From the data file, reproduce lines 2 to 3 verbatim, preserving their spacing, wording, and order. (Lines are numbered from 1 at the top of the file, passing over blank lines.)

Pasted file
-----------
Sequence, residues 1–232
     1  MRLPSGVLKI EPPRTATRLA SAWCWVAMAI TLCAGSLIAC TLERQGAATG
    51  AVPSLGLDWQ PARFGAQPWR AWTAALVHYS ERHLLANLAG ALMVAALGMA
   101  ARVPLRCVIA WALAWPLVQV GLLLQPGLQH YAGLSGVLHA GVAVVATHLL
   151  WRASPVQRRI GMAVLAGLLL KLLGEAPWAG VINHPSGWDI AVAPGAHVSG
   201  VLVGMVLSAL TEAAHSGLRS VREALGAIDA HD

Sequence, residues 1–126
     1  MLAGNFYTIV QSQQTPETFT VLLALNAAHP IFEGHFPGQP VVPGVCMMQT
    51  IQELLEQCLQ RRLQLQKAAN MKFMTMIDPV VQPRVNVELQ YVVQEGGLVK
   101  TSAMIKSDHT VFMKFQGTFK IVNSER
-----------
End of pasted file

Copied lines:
     1  MRLPSGVLKI EPPRTATRLA SAWCWVAMAI TLCAGSLIAC TLERQGAATG
    51  AVPSLGLDWQ PARFGAQPWR AWTAALVHYS ERHLLANLAG ALMVAALGMA